Throughout the centuries maize has played a vital role in the power relations between people and has been used as a tool to manipulate power, particularly among the poor (Warman, 2003). From the African slave trade across the Atlantic, where it was given as a primary means of sustenance in the form of paste, its use as an introduced crop of control by colonial settlers, to its modern day use as animal feed and food aid, maize has a rich history in power relations, especially in traditional third world countries. This essay will identify and explore the way that maize is linked to power within its local commodity chain in the country of Bhutan – that is, among the vast majority of the peasantry who utilise maize as a primary subsistence food. Through outlining Bhutan’s general maize statistics and demonstrating the key forces behind the power relations of maize throughout Bhutan, it will be concluded that power lies primarily in the political and religious conditions of the country on the macro level and the social conditions of the family unit on the micro level. Furthermore, it will be shown that the religious and political conditions directly contribute to how power is manifested and utilised in the family with regards to maize production, exchange, and consumption.
In describing where and how power is attributed to the local maize commodity chain in Bhutan, it is useful to first outline the basic statistics of the commodity. As per Renewable Natural Resource (RNR) statistics from 2000, maize is cultivated all throughout the country, particularly in the poorest areas, with 69% of rural households planting maize for subsistence (Katwal et al., 2008, pp.1-7). Maize ranks first among food crops in production, and its by-products are one of the primary means of animal feed. Most of the processing of maize, which is highly labour intensive, is done at the household level. According to the Ministry of Health (Katwal et al., 2008, p17), “The flow mechanisms of maize within in Bhutan are fairly simple, with up to 80% being consumed at the household level, 3% being retained as seed, 11% used for giving gifts and animal feeds, and the remaining 6% is left for available sale”. The above data shows that while Bhutanese maize does hold commodity status by way of a small portion of its production, with the possibility of sale or exchange, it is primarily a non-commodified substance. The majority of its use is for subsistence among families and this designates maize different power relations than that of a commodity produced for an exchange market. A commodity destined for the market would have additional power influences from suppliers, distributors, and consumers (Cox et al, 2002, pp.3-5). The local maize chain in Bhutan merges all of the above influences onto the family and thus consolidates power through a more inter-personal power chain. To gain a better understanding of the power relations behind maize production in Bhutan it is necessary to explore two key theorists works - that of Sydney Mintz and Eric Wolf.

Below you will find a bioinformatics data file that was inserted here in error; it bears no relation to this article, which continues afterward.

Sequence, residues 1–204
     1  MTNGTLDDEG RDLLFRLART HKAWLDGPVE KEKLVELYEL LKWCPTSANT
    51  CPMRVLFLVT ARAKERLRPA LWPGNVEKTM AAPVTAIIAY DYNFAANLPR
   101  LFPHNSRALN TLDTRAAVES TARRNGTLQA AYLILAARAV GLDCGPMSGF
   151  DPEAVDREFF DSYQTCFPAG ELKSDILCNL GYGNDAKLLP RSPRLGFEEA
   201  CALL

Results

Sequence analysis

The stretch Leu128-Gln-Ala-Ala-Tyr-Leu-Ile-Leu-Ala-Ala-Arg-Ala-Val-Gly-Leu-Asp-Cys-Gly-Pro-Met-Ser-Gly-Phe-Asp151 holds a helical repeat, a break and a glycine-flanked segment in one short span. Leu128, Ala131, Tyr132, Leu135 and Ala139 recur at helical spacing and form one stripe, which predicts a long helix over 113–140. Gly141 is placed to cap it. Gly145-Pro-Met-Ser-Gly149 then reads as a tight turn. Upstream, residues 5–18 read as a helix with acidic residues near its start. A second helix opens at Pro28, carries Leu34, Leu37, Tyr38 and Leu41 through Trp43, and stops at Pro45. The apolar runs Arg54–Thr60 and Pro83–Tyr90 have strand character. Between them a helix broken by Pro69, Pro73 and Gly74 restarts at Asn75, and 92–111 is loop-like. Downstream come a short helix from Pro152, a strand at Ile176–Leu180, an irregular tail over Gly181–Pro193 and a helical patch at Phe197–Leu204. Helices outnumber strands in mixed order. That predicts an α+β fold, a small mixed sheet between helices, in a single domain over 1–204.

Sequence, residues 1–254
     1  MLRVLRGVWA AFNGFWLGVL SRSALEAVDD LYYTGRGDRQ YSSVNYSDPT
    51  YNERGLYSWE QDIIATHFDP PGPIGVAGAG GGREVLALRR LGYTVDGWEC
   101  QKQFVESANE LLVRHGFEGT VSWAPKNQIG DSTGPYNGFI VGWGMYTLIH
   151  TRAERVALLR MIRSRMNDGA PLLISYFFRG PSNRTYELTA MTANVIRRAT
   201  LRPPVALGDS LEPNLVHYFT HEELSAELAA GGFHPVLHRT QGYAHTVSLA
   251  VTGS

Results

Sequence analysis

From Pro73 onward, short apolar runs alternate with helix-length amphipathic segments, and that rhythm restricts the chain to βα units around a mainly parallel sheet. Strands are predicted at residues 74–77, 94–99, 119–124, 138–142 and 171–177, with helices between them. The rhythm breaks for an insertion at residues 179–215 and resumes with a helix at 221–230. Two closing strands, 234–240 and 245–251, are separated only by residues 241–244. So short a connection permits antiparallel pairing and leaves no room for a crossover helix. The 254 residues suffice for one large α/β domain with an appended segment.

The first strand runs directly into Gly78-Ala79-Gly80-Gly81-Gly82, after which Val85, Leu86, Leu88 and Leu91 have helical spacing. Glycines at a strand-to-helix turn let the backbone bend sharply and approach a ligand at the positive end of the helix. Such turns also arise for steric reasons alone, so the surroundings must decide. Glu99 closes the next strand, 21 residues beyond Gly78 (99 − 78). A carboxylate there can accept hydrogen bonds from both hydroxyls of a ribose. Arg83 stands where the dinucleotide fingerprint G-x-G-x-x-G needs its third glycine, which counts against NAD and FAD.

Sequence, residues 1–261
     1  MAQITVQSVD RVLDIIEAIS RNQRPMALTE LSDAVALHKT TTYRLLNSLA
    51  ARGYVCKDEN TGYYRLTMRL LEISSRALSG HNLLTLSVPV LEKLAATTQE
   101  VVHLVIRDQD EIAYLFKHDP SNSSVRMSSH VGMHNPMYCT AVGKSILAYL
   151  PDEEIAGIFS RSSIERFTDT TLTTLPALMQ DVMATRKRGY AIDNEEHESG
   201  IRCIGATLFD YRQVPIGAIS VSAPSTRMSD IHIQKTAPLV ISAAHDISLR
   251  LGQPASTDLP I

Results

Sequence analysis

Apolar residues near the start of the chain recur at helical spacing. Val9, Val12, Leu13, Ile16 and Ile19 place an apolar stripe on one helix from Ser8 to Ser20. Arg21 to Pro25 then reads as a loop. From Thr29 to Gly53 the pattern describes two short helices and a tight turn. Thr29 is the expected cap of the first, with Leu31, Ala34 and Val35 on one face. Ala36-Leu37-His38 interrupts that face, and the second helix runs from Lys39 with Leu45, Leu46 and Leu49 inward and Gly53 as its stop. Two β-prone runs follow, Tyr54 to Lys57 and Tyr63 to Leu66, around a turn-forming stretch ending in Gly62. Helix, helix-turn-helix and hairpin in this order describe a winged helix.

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- Lee Hooper (Author), 2012, Exploring the Power Relations of Maize in Bhutanese Society, Munich, GRIN Verlag, https://www.grin.com/document/262250